Review by Derrick Carter
Running Time: 1 hour 38 minutes
MPAA Rating: R for Language
Directed by: Roger Michell
Written by: Chap Taylor, Michael Tolkin
Starring: Ben Affleck, Samuel L. Jackson, Toni Collette, Sydney Pollack, Richard Jenkins, William Hurt, Amanda Peet, Dylan Baker
Is it really so strange to think that a simple road rage can escalate into something even more dangerous? There have been plenty of six o’clock news stories that began with road rage and ended with someone being either injured or killed in the street. CHANGING LANES is a thriller revolving around two very different men whose lives literally collide on the highway and the rapid downward spirals they both take. Featuring a big name case (even at the time) and clearly made with a substantial budget, the film was a box office success and praised among critics. Now that over a decade has passed, it seems like it’s been forgotten in the annals of cinematic history. Although I wouldn’t say it’s a great movie, as it does have some big flaws, it is a decent enough and (at times) unconventional thriller.
Gavin is a cutthroat successful lawyer. Doyle is a recovering alcoholic. Both men are headed to the courthouse for entirely different reasons. Gavin has to get some files there in order to avoid being sued and Doyle has a hearing for joint custody of his children. After an accident leaves Doyle’s car totaled, Gavin writes a blank check and drives off without even giving the poor guy a ride to the same building he was already going to. Quickly discovering that he left an important file on the side of the road with Doyle, Gavin tries to get the document back. This is difficult, because Doyle is intent on teaching this hotshot lawyer a lesson in ethics. Ironically, this results in a dangerous feud between both men doing horrible things to make the other’s life as miserable as possible.
CHANGING LANES is remarkable in its buildup to the actual collision itself. The viewer is introduced to both Gavin (Ben Affleck) and Doyle (Samuel L. Jackson). Affleck is usually hollow, but every once in a great while, he puts in a decent performance. Gavin is one of these cases. Samuel L. Jackson is the real standout of the entire film. I felt for the character of Doyle. The sheer amount of frustration he was experienced permeated through the screen and into my own emotions. Needless to say, I was on Doyle’s side the whole way, but other viewers may feel differently. This may be thrown into the same type of character battle as HARD CANDY, meaning that viewer’s may be manipulated into switching sides on more than once. In this respect, an interesting conversation among fellow film buffs might be why you were rooting for who at what point in the film.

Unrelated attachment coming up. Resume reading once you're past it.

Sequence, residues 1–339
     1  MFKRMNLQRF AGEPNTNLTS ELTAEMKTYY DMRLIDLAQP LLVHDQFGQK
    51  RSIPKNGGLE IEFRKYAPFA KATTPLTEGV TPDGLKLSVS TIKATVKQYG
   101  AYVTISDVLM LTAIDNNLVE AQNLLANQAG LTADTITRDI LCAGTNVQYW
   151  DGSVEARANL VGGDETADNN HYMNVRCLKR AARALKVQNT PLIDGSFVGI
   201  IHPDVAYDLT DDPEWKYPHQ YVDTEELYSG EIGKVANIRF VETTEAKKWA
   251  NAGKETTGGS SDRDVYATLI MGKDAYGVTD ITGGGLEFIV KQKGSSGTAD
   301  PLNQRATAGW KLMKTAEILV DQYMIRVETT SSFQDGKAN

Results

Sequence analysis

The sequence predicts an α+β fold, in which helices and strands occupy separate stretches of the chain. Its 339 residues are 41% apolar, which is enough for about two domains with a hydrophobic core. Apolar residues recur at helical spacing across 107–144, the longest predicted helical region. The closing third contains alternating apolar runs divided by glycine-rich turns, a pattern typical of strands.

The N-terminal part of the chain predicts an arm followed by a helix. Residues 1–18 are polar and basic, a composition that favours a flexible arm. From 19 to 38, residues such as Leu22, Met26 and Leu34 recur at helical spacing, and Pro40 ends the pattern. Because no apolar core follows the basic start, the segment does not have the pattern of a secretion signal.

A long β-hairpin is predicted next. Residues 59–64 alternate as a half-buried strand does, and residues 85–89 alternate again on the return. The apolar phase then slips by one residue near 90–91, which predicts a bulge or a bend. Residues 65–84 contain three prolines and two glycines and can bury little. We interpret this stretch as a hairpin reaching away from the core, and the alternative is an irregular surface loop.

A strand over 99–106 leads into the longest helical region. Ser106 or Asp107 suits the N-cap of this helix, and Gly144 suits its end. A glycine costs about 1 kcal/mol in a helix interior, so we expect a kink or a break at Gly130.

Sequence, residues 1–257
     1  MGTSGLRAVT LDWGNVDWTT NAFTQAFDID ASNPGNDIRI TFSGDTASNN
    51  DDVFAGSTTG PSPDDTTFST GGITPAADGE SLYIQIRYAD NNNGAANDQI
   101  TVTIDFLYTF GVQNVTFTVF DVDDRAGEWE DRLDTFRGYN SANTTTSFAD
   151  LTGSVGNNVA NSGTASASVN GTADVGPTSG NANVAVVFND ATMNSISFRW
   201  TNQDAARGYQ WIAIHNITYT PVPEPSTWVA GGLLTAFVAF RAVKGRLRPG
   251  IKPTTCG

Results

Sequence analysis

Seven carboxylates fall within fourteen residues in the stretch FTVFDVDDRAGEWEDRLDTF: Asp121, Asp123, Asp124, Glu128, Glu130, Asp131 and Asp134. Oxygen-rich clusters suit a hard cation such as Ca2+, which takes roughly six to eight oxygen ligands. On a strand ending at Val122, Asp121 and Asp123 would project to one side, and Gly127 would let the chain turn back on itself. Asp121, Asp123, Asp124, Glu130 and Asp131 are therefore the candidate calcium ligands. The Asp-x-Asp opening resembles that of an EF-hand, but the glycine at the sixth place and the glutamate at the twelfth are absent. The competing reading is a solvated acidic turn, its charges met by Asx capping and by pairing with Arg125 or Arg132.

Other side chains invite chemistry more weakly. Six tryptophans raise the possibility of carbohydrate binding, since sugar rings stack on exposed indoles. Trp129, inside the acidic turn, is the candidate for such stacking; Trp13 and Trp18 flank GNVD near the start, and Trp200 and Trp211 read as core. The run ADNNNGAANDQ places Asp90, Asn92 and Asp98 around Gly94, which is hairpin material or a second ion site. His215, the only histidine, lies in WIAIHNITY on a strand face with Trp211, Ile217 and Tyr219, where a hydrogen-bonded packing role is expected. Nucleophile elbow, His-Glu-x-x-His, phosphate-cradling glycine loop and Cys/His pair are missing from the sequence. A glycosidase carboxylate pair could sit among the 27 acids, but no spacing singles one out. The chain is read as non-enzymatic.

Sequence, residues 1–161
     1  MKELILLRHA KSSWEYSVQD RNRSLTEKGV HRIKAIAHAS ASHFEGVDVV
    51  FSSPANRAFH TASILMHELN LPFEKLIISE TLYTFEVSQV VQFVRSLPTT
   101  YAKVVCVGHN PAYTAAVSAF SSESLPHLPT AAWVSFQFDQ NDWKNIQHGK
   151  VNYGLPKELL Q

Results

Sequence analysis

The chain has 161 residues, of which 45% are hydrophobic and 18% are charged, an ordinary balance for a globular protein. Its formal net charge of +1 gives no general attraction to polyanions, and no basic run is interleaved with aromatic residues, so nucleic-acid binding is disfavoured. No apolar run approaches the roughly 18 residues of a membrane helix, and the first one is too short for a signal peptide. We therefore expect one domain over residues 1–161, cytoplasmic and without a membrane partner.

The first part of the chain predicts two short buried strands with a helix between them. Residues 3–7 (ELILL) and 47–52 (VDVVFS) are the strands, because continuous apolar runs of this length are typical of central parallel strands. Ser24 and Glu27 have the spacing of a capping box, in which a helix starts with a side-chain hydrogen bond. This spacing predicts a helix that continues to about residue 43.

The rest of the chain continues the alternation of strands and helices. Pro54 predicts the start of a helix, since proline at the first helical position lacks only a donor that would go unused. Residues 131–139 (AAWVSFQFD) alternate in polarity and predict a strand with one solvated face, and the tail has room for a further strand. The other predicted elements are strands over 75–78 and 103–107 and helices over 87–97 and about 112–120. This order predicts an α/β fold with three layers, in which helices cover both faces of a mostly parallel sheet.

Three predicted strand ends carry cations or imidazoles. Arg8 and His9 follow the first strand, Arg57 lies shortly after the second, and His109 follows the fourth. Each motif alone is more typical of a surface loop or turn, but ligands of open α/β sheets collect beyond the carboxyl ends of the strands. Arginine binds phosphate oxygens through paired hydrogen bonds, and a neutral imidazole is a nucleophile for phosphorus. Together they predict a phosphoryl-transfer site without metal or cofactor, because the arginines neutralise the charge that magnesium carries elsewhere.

There are plenty of familiar faces in the supporting characters as well. While Toni Collette (THE WAY WAY BACK), Richard Jenkins (KILLING THEM SOFTLY), and Dylan Baker (TRICK ‘R TREAT) show up through Affleck’s storyline, the only real memorable side-character of note in Jackson’s life is his sponsor played by William Hurt (MR. BROOKS). Hurt also delivers the best piece of dialogue in the entire film. You’ll know it when you see it. However, there is one character whose appearance is damn near pointless and that’s Gavin’s seemingly emotionless wife played by Amanda Peet. This actress can range from good to terrible, depending on which movie you’re watching her in. She’s just plain wooden in CHANGING LANES. Some might argue that’s the point of her character, but I feel the purpose she appeared in two scenes for would have been more impactful, if she had more of an emotional range.
The premise of CHANGING LANES is a great one and could make for a fantastic movie. This is the case for the first hour, then things steadily begin to strain credibility and go over-the-top. The running time is much longer than it should have been. As stated before, the plot is gripping for the first hour and then it significantly overstays its welcome. Just when the film should be at the highest peak of intensity, it decides to wax on about philosophy and how thin the line that separates ethics from chaos is. If the film had saved maybe one intense dialogue for the ending or used the significant one that William Hurt goes on about, that would have been more than enough. Instead, the message is as subtle as a sledgehammer to the face.
CHANGING LANES begins with a bang and concludes with a whimper. To make matters worse, the ending is tied with a little bow on top that felt out-of-place in the story that had been taking place for the past 90 minutes. Samuel L. Jackson is great as a character unlike many others he’s played. Affleck is better in this film than all of the roles that have earned him the rotten reputation he has among the general public. The real problems come from the overlong running time and the not-so-subtle repeated moral of the story. CHANGING LANES would have been great as a tighter film that stayed true to the tone of the first hour. Instead, it’s a decent watch, but it’s not one that I’ll be adding to my collection. Worth a rental.